Current monitoring of large structures such as bridges, wind turbines and mines generally relies on time consuming visual inspections that use specialized instrumentation and equipment. Translation: it’s expensive. But if damage can be detected before any structural damage occurs, maintenance bills can also be significantly reduced and safety increased. Researchers at the University of Strathclyde in Glasgow are tackling the issue with a smart paint they claim not only detects microscopic faults before structural damage occurs, but does so at a cost of just one percent of current widely used inspection methods.
Like other structural monitoring technologies we’ve looked at, such as wireless sensors, self-repairing sensors, and nanocomposite materials, the smart paint allows continuous monitoring of structures without the need for costly inspections.
The main material used to make the paint is fly ash – which is generated in combustion and is a recycled waste product produced in the combustion of coal. This is mixed with highly aligned carbon nanotubes, to form a paint that can be sprayed onto any surface. After it is applied, the paint is embedded with electrodes that can detect structural damage long before it is obvious or failure occurs. These electrodes are paired with wireless communications nodes that also have power harvesting and communications capabilities to allow them to keep running and remotely send out a warning when damage is detected.
In addition to being able to continually monitor the entire surface of a structure, the researchers say the paint has a cement-like property that also makes it ideal for harsh environments.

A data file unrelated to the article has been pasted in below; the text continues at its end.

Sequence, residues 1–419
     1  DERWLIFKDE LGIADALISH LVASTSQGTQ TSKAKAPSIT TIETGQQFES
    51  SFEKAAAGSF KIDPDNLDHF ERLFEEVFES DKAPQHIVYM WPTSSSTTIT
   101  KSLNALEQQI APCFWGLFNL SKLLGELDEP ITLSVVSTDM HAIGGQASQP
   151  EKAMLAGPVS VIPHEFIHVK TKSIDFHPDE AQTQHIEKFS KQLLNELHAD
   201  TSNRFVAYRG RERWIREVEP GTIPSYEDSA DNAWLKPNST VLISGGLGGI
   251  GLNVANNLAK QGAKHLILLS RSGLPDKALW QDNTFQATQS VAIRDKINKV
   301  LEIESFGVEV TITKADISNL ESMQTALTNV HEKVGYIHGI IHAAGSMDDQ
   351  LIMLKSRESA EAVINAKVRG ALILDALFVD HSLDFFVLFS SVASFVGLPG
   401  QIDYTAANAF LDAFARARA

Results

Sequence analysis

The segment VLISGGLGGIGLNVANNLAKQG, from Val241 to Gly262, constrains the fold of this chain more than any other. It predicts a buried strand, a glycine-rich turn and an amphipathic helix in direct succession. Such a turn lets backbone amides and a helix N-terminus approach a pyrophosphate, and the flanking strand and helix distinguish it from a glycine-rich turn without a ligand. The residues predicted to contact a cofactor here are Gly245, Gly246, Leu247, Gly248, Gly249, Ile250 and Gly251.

“Current technology is restricted to looking at specific areas of a structure at any given time, however, smart paint covers the whole structure which is particularly useful to maximize the opportunity of preventing significant damage,” said Dr Mohamed Saafi, of the University of Strathclyde’s Department of Civil Engineering. “The properties of the fly ash give the paint a durability that will allow it to be used in any environment which will be a massive advantage in areas where the weather can make safety monitoring particularly difficult.”
But it is the low cost of the smart paint – which the researchers estimate at just one percent of current widely used alternative inspection methods – that is potentially the smart paint’s biggest selling point for cash-strapped government departments.
“There are no limitations as to where it could be used and the low-cost nature gives it a significant advantage over the current options available in the industry,” says Dr Saafi. “The process of producing and applying the paint also gives it an advantage as no expertise is required and monitoring itself is straightforward.”
The research has been carried out at the University of Strathclyde with Dr Saafi working alongside David McGahon, who initiated the work as part of his PhD project. They have already carried out tests on a prototype with positive results and now hope to demonstrate its effectiveness on a large structure.